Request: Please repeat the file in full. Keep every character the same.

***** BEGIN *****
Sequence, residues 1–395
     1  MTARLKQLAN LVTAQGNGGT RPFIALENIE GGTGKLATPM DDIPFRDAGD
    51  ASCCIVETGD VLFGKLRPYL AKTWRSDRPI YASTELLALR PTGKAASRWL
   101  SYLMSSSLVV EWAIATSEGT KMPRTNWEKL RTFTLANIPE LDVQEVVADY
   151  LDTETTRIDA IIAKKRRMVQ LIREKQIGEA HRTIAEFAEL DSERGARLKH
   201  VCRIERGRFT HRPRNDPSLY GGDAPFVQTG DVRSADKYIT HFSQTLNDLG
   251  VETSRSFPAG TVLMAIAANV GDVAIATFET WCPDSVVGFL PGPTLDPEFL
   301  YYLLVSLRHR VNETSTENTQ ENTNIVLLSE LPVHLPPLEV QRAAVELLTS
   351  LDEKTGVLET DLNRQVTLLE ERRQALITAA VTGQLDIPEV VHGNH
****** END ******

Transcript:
Sequence, residues 1–395
     1  MTARLKQLAN LVTAQGNGGT RPFIALENIE GGTGKLATPM DDIPFRDAGD
    51  ASCCIVETGD VLFGKLRPYL AKTWRSDRPI YASTELLALR PTGKAASRWL
   101  SYLMSSSLVV EWAIATSEGT KMPRTNWEKL RTFTLANIPE LDVQEVVADY
   151  LDTETTRIDA IIAKKRRMVQ LIREKQIGEA HRTIAEFAEL DSERGARLKH
   201  VCRIERGRFT HRPRNDPSLY GGDAPFVQTG DVRSADKYIT HFSQTLNDLG
   251  VETSRSFPAG TVLMAIAANV GDVAIATFET WCPDSVVGFL PGPTLDPEFL
   301  YYLLVSLRHR VNETSTENTQ ENTNIVLLSE LPVHLPPLEV QRAAVELLTS
   351  LDEKTGVLET DLNRQVTLLE ERRQALITAA VTGQLDIPEV VHGNH